Teen star Missy Franklin 'new Michael Phelps'
She's the smiling, dancing, world-record breaking, gold-medal winning teenager dubbed 'the female Michael Phelps' who is about to give up millions in endorsements to go to college and get a good education.
Is it possible to get any more apple pie than Missy Franklin?
There have been any number of storylines threading their way from the Olympic pool in London this week. But between the improbable rise of Chinese star Ye Shiwen, the stuttering start to the Olympic career of James Magnussen and the majesty of the untouchable Phelps, Franklin has stamped her name as a global star of the future.
That's not to say Franklin isn't a headliner now. It's just that the 17-year-old from Colorado has the kind of infinite upside that could see her be the undisputed queen of the pool in Rio in four years' time.
The comparison with Phelps is lofty, but has some grounding in physiology at the very least.
Like the Olympic great, she brings the kind of frame to the pool that makes her look she was created in a lab after a bespoke request by Team USA swimming coaches.
She stands 185cm tall, boasts a wingspan of 193cm and barrels her way up the pool on the end of her size 13 feet. In comparison, Phelps is 193cm tall size, has a wingspan of 200cm and has size 14 feet.
Franklin's powerful shoulders have kept her churning along in a marathon program of seven events.
On the evidence of Thursday night's fifth place in the 100m freestyle final, it may have been over-ambitious.
Franklin, whose full name is Melissa Jeanette, would have none of it.
Still being propelled by the kind of boundless enthusiasm a 17-year-old has at the Olympics, she said there was no reason she couldn't add to her already impressive medal haul of bronze (4x100m relay), gold (100m backstroke) and gold (4x200m relay).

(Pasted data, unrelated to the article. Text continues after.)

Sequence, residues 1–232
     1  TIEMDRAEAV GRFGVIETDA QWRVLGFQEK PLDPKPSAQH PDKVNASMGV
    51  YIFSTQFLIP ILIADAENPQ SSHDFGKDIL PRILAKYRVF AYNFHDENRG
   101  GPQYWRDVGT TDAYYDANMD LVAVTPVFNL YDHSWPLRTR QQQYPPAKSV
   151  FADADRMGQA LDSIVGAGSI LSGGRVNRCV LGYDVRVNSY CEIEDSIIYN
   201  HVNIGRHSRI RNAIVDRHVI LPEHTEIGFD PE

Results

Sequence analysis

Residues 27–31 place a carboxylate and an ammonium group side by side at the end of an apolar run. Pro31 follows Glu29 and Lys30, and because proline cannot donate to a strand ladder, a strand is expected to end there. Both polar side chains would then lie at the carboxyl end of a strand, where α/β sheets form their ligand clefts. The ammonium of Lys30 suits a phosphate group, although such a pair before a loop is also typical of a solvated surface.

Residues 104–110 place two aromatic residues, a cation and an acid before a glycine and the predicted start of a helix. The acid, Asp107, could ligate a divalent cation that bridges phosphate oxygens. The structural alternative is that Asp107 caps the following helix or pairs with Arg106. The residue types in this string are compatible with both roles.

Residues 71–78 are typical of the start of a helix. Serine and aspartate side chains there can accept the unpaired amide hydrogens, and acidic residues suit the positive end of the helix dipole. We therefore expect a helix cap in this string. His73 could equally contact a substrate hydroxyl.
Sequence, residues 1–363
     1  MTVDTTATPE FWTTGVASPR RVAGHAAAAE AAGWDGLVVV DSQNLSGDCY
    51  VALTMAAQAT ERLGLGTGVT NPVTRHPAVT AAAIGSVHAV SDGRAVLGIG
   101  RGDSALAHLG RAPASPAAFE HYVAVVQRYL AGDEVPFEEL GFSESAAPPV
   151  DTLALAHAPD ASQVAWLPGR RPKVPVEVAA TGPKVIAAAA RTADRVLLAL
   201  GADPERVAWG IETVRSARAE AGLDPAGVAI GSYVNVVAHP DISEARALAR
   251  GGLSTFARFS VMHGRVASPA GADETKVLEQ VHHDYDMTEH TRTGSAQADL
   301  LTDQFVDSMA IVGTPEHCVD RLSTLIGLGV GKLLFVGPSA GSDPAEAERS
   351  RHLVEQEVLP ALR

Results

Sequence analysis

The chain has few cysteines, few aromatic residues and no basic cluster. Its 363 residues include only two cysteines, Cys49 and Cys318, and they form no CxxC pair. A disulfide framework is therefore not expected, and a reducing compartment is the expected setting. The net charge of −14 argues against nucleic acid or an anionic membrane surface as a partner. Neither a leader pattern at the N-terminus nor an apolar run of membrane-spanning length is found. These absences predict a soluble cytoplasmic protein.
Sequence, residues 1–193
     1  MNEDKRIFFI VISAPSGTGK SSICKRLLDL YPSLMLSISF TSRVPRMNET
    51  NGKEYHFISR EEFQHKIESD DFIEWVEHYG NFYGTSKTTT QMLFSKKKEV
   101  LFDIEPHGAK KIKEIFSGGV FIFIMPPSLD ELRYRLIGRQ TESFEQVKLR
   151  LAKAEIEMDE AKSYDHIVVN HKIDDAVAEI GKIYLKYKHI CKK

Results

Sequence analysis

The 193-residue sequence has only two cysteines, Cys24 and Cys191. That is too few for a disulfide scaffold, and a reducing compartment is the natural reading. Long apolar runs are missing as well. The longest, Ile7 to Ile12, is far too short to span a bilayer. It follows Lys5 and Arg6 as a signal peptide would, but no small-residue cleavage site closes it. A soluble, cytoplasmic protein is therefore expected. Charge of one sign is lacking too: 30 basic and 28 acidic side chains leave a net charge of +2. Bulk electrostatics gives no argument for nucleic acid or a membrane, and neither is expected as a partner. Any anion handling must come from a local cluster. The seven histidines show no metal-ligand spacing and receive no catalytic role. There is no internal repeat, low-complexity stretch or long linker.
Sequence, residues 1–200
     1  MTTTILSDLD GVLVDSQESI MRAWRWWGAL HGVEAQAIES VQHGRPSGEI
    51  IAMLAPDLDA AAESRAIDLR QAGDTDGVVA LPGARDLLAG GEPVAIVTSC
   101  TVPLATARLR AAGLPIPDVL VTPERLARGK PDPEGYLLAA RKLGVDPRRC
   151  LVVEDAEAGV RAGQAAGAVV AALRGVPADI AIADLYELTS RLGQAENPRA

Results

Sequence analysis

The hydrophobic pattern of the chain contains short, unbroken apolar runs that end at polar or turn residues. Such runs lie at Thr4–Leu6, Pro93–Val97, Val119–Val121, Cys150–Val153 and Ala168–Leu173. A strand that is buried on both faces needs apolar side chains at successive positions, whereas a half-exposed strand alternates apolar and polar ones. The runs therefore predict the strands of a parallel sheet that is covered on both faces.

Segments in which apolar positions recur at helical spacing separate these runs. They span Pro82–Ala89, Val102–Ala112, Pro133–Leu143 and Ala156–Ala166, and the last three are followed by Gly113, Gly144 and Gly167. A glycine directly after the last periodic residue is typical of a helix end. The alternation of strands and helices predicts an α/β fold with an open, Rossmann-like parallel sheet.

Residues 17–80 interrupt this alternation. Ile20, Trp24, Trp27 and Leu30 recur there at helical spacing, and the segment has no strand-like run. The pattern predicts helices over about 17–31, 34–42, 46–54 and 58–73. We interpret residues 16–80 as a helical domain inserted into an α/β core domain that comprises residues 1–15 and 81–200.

She is one of the gold medal favourites in the 200m backstroke tomorrow and should win another gold with the medley relay team on the final night. If they gave her a bike, she'd probably turn up at the velodrome and have a crack.
"I'm only 17. There's no such thing as fatigue," Franklin said.
The only sign of her going off the boil is that she left her Team USA jacket in her room.
"I think maybe organisational fatigue is setting in," she giggled to American reporters, who giggled along with the kind of smile that already has sports agents lining endorsement deals by the dozen.
But those endorsement deals are going to have to wait. Franklin, still trying to be a normal kid in high school, has reportedly decided to delay what could be a lucrative career as a professional member of the USA swimming squad to go to college and compete in the NCAA, which is a strictly amateur competition.
Marketing experts have said the decision could cost her millions of dollars in deals, where she could have been flashing her sparkly smile on toothpaste commercials or statuesque figure in sports apparel.
Sports agent Evan Morgenstein told USA Today Franklin could have earned as much as $US2 million had she cashed in on Olympic fame.
But he believes the deals will be there if she remains a force in the lead-up to Rio in 2016.
"The money will be there in four years," Morgenstein said.
"In my experience, most of the corporations will come after her about 12 to 18 months before the next Olympics.
"Rio is in 2016 so it would be some time after her sophomore year [of college].
"I think they'd come after her with a vengeance to sign her up for Rio."
The Games haven't been all fun and games for Franklin. She attends school in Aurora, Colorado, where a gunman burst into a movie theatre and killed 12 people. Franklin has dedicated her efforts in London to the victims of the massacre.